BenFred: Blues top prospect hungry for NHL debut

This Saturday evening, Tage Thompson will arrive at a sports memorabilia store in Chesterfield for his first-ever public autograph signing.

Let that sink in for a second.

Thompson is 19 years old, and he looks like it. His 6-foot-5 frame holds just 200 pounds. He couldn’t grow a playoff beard if he tried — unless a few blond whiskers count. His next game in the NHL will be the forward’s first.

Yet complete strangers will spend their hard-earned money so they can line up to shake his hand and take home his signature.

“Hopefully I’m not too nervous,” Thompson admitted Wednesday, before he took the ice for the first of a four-day Blues prospects camp.

The thought of mingling with his growing fan base stirs some butterflies. Switch the conversation to an offseason that could expedite his NHL debut, and Thompson’s tone shifts.

The Blues’ top pick in 2016, 26th overall, has every intention of making a $10 autograph look like a bargain. He is not timid about his plans to shed his prospect label this summer. Those who will attend Saturday’s signing expect big things from Thompson one day. He’s asking, why wait?

“There are probably people who think I’m not ready,” Thompson said. “Maybe two, three, four more years. But what if I think I’m ready? Who’s to say I can’t? It’s all up to me, and obviously the staff, but a lot of it comes down to the work I put in.”

The path is no secret, thanks to fast-rising and prominently featured young Blues like Robby Fabbri and Colton Parayko. Impress at prospect camp. Turn next month’s NHL Prospects Tournament in Traverse City, Mich., into a training camp invite. Once there, convince general manager Doug Armstrong and coach Mike Yeo that talent trumps inexperience. And voila.

It’s happening more often these days. That doesn’t mean it’s easy.

Wednesday’s news of center Patrik Berglund’s shoulder surgery both decreased the depth ahead of the Blues’ top prospect and offered a reminder that it’s still rather crowded up front. Armstrong named more than five Blues when asked who might be expected to step up until Berglund returns. None of them was named Thompson.

That’s not to say Thompson can’t force himself into the conversation. The Blues encourage it, and they have rewarded those who have done so in the recent past.

“This is a huge summer for him,” Armstrong said.

The general manager listed some of the strengths Thompson displayed during two seasons at the University of Connecticut, where he became the highest-drafted player in program history, and during last season’s 26-game introduction to the American Hockey League.

He has size you can’t teach; a wicked shot that scored three goals for the Chicago Wolves; a reputation as a power-play sniper; a hockey IQ that comes with being a coach’s son; a competitive streak that makes Thompson, according to one teammate, stew after losing something as small as a pickup basketball game; along with an incredibly skilled set of hands that were honed before his late growth spurt.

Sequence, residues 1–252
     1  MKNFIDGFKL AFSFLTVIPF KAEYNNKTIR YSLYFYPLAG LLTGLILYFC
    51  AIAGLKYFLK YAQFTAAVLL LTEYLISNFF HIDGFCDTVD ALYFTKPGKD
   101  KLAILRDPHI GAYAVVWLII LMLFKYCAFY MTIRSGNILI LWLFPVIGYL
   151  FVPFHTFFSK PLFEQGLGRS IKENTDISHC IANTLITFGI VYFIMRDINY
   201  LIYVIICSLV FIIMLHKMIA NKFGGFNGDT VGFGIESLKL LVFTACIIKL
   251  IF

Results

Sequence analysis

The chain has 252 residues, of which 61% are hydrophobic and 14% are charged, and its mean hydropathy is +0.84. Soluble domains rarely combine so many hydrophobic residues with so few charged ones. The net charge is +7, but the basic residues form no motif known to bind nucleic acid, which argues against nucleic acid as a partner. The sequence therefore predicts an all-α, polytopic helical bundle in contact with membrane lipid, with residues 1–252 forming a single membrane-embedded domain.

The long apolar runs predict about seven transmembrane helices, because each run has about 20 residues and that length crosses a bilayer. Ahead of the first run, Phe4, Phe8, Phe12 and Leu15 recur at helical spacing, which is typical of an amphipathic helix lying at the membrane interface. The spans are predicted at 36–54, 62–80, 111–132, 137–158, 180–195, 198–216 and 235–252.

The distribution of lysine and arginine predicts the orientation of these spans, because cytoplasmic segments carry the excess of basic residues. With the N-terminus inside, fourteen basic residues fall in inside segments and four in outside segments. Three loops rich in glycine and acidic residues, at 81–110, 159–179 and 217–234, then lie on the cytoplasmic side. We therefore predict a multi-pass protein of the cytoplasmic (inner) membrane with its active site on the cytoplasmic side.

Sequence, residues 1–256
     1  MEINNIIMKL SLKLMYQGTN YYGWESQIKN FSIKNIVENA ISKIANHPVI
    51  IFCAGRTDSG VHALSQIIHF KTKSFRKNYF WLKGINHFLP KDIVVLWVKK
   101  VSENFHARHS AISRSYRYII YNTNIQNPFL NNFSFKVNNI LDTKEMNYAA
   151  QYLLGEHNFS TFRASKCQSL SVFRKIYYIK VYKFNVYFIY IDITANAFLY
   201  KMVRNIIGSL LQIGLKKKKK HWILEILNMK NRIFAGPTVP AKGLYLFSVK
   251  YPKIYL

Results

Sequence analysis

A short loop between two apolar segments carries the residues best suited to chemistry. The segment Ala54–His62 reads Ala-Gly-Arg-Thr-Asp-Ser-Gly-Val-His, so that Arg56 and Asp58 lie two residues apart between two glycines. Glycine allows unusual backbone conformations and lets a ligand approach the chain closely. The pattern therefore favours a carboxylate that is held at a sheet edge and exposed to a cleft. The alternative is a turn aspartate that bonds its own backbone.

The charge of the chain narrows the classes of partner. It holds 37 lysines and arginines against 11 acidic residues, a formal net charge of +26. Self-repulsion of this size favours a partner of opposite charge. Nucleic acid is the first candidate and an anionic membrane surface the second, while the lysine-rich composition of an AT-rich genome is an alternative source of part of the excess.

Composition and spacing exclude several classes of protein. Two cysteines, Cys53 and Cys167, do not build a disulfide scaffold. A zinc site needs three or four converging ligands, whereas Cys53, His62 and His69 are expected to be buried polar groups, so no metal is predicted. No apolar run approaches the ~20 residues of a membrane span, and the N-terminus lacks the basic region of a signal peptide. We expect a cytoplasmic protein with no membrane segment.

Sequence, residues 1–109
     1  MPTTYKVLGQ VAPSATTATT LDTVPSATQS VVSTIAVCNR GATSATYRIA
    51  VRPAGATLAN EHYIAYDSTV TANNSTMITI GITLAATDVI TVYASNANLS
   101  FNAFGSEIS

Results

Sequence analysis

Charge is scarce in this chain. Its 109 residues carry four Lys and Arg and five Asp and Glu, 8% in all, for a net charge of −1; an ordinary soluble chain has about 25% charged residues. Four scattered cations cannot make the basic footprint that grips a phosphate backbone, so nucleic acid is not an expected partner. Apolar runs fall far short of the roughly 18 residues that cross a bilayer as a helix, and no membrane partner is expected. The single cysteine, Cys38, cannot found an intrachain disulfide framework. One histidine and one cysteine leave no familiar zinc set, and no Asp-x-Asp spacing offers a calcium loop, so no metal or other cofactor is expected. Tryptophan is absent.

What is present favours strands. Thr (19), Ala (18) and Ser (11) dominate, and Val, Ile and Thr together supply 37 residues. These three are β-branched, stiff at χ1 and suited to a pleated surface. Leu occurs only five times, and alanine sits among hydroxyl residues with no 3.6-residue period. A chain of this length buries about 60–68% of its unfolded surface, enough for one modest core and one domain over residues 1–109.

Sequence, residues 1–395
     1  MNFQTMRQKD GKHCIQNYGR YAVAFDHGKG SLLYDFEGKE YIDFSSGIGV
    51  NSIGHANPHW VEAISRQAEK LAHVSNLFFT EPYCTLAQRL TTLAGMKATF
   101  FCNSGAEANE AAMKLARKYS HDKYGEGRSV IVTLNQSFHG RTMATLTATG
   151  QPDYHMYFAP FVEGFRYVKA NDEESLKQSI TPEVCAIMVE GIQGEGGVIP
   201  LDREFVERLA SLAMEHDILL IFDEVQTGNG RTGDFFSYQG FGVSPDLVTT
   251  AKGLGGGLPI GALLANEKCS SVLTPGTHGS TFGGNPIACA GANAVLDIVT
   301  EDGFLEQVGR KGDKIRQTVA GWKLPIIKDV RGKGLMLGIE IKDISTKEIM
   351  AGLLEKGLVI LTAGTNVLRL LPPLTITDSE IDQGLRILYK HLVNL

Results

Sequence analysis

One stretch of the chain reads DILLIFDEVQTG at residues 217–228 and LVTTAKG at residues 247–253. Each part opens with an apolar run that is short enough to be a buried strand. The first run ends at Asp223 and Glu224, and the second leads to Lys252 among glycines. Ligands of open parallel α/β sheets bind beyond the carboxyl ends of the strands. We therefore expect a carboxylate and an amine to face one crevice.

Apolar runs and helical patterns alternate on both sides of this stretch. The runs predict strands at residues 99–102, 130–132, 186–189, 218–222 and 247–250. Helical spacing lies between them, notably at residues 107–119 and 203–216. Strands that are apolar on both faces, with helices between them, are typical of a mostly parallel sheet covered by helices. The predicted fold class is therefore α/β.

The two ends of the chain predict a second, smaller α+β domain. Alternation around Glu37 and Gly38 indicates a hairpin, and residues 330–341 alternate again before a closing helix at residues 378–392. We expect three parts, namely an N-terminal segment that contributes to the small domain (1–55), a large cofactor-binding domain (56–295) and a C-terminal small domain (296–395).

“He’s good in tight with the puck,” said Blues defenseman prospect Jake Walman, who refers to Thompson as ‘Tommer.’ “He can make moves in tight areas that other guys can’t. With guys on him, he knows how to protect it properly. Once his strength comes, he’s going to be really hard to knock off the puck.”

For Thompson, it’s all about strength. His body shot up. Now it needs to fill out.

“Physical maturity,” Armstrong said. “Working out and getting bigger and stronger. He’s putting the time in right now. July and August are huge months for him to see what type of foundation we can continue to build for him.”

Thompson doesn’t shy from this assessment. He knows more about nutrition now than ever before. He’s eating “like it’s my second job.” And his competitive nature now flashes in the weight room. He wants to be between 210 and 215 pounds when the season starts.

“I went into college a little light,” he said. “Late maturity. It hindered my development a little bit. Or prolonged it, I should say. Going into college, that was the main reason I wanted to go there, for the physical aspect of it, getting bigger and stronger and playing against older guys. But now you leave that and you are going against men.”

There is no predetermined weight Thompson needs to hit, no lift in the weight room he must master before the Blues believe he’s ready. Coaches will look for signs in how he plays, his presence on the ice, the ground he gives, holds or takes.

“When you are doing battle drills with the bigger players, how does that transfer?” Armstrong said. “When you want to go from A to B, and someone is in your way, how far do you have to go around? Can you start going through them?”

This camp is the first test of a telling summer. It will be the easiest.

On Wednesday, Thompson effortlessly threaded pucks between his legs and around his back. His first drill of the day asked him to shoot twice in rapid-fire fashion from the top of the circle. Both pucks found the back of the net by the time the goalie flinched.

Bigger challenges await. He plans to meet each one with increased strength.

“I think I can do it,” Thompson said. “There are always going to be people who don’t think you can do it. That’s why you want it even more. Fuel to the fire. It’s been my dream to play in the NHL my whole life. Once you are close, it just eats at you.”

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